The limitation of this study is that this cohort is not representative of a 'regular' population. For example, we cannot predict the effect of the AGT gene on blood pressure of females, old men, or classical hypertensives. Furthermore, because of the cross-sectional character of this study, we cannot prove that gene carriers with relatively high BP will develop cardiovascular disease years or decades later. However, even if the examined military pilots do not match a regular population, they are in particular suitable to serve as an example for genetic–environmental interactions because of their highly homogeneous population characteristics.

In summary, we conclude that the effect of the AGT M235T gene polymorphism on blood pressure regulation, even to a small extent, is detectable very early in life, far before the onset of arterial hypertension.



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This study was supported by the START program of the University Hospital of Aachen. The work resulting in this report was performed under German Federal Ministry of Defense Contract 21L2-S-200103. The opinions expressed in this paper are those of the authors and do not necessarily reflect the opinions or official policy of the German Federal Ministry of Defense. We gratefully acknowledge the support of the medical assistants of Dep. I and the backing of Dep. III of the German Air Force Institute of Aviation Medicine.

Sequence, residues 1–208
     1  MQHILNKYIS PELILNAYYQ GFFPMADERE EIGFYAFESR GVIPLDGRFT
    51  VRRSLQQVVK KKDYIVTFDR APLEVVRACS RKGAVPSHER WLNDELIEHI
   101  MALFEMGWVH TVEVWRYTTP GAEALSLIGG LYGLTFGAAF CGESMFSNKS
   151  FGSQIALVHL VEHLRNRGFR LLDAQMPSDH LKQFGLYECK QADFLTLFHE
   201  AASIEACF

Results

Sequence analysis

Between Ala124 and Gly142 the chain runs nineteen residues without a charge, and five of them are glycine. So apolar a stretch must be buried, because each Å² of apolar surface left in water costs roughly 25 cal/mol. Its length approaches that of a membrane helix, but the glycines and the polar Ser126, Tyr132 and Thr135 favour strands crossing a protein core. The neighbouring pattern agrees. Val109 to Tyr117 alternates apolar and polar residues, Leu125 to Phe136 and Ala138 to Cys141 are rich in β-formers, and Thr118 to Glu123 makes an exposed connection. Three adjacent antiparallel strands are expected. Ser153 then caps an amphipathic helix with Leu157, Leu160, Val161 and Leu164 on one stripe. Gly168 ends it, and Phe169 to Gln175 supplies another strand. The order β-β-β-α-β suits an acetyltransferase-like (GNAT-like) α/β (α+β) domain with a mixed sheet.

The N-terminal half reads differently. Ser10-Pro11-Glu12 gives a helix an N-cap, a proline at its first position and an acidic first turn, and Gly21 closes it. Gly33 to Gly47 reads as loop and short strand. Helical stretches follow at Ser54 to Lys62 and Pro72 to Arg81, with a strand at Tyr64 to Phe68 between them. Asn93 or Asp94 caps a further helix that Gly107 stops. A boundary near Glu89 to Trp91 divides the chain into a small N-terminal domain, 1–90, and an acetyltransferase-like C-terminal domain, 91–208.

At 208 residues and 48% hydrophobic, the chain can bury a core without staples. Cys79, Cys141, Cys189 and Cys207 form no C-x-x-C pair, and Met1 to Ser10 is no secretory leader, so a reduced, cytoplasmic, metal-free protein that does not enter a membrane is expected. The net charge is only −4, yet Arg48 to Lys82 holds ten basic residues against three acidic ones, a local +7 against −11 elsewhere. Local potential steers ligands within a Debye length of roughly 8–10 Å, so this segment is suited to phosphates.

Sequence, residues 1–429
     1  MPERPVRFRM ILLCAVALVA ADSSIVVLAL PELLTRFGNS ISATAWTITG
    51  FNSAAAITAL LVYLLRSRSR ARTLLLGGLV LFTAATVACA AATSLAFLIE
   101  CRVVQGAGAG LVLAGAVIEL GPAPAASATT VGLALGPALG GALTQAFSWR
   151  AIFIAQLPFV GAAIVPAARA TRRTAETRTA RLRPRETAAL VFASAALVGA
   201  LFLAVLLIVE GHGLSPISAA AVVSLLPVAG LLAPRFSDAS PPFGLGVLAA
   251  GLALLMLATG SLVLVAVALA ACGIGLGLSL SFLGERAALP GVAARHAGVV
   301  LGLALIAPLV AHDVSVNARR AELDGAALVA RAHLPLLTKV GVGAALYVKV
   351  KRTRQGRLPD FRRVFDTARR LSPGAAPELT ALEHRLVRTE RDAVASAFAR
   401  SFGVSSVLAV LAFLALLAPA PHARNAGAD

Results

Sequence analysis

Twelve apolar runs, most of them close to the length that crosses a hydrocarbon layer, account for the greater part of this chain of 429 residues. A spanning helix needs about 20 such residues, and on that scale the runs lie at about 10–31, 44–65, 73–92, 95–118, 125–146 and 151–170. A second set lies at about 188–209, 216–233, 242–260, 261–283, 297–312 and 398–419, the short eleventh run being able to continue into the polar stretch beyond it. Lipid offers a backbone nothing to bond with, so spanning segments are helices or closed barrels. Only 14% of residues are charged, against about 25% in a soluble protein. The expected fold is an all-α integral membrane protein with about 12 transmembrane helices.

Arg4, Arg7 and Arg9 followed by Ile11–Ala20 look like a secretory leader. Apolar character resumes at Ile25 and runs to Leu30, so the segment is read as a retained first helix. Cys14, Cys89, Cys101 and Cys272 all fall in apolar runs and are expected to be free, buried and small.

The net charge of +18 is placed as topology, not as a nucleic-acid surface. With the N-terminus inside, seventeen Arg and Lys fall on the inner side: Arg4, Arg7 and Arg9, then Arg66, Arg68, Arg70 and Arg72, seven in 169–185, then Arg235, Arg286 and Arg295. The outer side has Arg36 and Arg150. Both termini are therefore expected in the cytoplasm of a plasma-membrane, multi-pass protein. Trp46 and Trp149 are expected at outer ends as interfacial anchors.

JR Ortlepp designed the study, did statistical data analysis, J Metrikat coordinated and realized data collection, M Albrecht and P Maya-Pelzer helped with data collection, V Mevissen, F Schmitz, and K Zerres fulfilled genetic analysis, P Hanrath, K Zerres, and R Hoffmann took part in interpretation of data and critical revision. All authors helped to write the report. This work is part of the doctoral thesis of JM Conflict of Interest Statement: None declared.